Should traffic cops pay be based on tickets?

From CNN: 

It's a theory many drivers have held since their first speeding ticket, that citations are somehow connected to a special perk for the officer writing it.

Now, a memo among Atlanta police officers has reignited such suspicions.

"The mayor has designated traffic court and ticket revenue for future pay increases," Atlanta Police Union President Ken Allen wrote this month.

Some residents scoffed at the idea.

"I'm probably going to switch from sales and join the police force in that case, if that's the way it's working," one resident, Ken Miller,told CNN affiliate WSB-TV. (more)

While some fear that tying pay to ticket-writing productivity, some believe there are very good reasons for doing so:

Tucson Police Chief Roberto Villasenor requires his officers to make an average of at least one traffic stop a day. He said many important arrests stem from traffic stops.

"That's where we get most of our narcotic arrests. We get a lot of warrants we've been able to serve," Villasenor told CNN affiliate KGUN. "There's benefit from traffic (stops) that have been proven in city after city. I'm just saying we can't forget that's part of our job." (same source as above)

I think most people drive over the speed limit a good deal of the time, so there's probably little need for the police to fabricate false speeding tickets and no doubt it has some effect, however small, on the speed at which people drive. It also leads to other arrests for more serious crimes.

So, why not?

Views: 294

Tags: police, speed, speeding, tickets, traps

Comment by kOrsan on June 26, 2013 at 3:05pm

Yeah why not give these megalomaniac fucks even more incentive to abuse their power.

Comment by Strega on June 26, 2013 at 5:05pm

It also leads to other arrests for more serious crimes.

So would frisking everyone on a daily basis.  That is a ridiculous idea.  Do you really want to live in a country where the police or other authorities can stop you whenever they like and check that you are not committing a crime?  I thought the USA was supposed to be the land of the free.

One minute you are decrying the idea of retaining peoples DNA on databases, and the next, you are proposing unlimited, no actually incentivised stop and search routines. That's some fence, you're sitting on...

Comment by Unseen on June 26, 2013 at 8:26pm

Strega, you should know by now that, in the interest of stimulating interesting conversations, I keep my actual personal views on things close to my vest and offer and sometimes defend views which I know are controversial. If I'm straddling a fence, it won't be a fence you necessarily know about. LOL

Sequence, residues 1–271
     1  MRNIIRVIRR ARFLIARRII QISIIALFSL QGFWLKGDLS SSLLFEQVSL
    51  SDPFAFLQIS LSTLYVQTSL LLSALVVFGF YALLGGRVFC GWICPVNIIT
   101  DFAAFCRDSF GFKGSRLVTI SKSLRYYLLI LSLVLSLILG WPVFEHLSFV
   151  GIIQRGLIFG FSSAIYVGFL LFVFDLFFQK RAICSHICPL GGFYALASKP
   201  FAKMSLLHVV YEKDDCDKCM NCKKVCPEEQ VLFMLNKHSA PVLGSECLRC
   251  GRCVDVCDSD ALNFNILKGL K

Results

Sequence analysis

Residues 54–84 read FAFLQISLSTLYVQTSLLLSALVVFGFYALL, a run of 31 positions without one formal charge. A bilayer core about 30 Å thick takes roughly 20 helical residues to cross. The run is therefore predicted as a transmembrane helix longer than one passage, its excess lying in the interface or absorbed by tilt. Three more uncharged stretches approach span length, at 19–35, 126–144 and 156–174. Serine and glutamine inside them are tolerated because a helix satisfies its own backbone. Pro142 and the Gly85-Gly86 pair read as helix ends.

Comment by Strega on June 26, 2013 at 9:06pm

Probably politer if I just post a link.... grin

Comment by Unseen on June 26, 2013 at 9:13pm

OUCH!

Comment by Unseen on June 26, 2013 at 10:36pm

I prefer rebel rouser.

Comment by Doug Reardon on June 26, 2013 at 10:57pm

The cops around here are on a quota system, we're a college town.  When the semester is about to end they pull just about everybody over.

Comment by Gregg R Thomas on June 27, 2013 at 9:51am

The police system should be funded by taxes alone...revenue from fines should be refunded to the tax-payers.

Comment by Gallup's Mirror on June 27, 2013 at 3:18pm

Everywhere I go, I see motorists speeding, rolling through stop signs, popping red lights, turning without signaling, tailgating, driving in the passing lane, driving on the shoulder, cutting off other drivers, road raging from lane to lane, failing to stop for pedestrians in crosswalks, overtaking too closely, texting (or reading newspapers) at the wheel, speeding up when another driver tries to overtake, and doing any number of dangerous and illegal things. It's virtually non-stop and virtually everywhere.

Aggressive or inattentive driving is a contributing factor to most motor vehicle crashes, and motor vehicle crashes are one of leading causes of injury and death in the United States. Motorists crashed 3.5 million times in 2009 alone, causing 2.251 million casualties, including 33,808 deaths, and over $150.5 billion in property damage (excluding the billions lost to medical care, disability, and labor productivity).

I understand traffic law enforcement sometimes leads to the capture of wanted criminals. But what should be the primary purpose? I think it should be to reduce the suffering, destruction and death associated with rampant irresponsible motoring, which causes the equivalent body count of ten 911 attacks every year.

What cops are paid should have nothing to do with that. I think it should be the fines slapped down for traffic offenses. Make the fines consummate with the associated risk of death and destruction.

Take speeding for example. First Pullover: Warning. First offence: $500 fine. Second offence: $1000 fine. Third offence: $2,000 fine. Double it every time. Once it hits $16,000: seize the car. On $32,000 loss of license. If they're driving a car without a license or a car that belongs to someone else: 30 days in jail the first time, 60 days the second time, 120 days the third time, and so on.

Do that and watch how fast people will slow down, obey red lights, stop tailgating, and so on. Watch how fast the casualty numbers will plummet.

Comment by Gregg R Thomas on June 28, 2013 at 12:06am

@Gallup's Mirror:

Take speeding for example. First Pullover: Warning. First offense: $500 fine. Second offense: $1000 fine. Third offense: $2,000 fine. Double it every time. Once it hits $16,000: seize the car. On $32,000 loss of license. If they're driving a car without a license or a car that belongs to someone else: 30 days in jail the first time, 60 days the second time, 120 days the third time, and so on.

Will never work.

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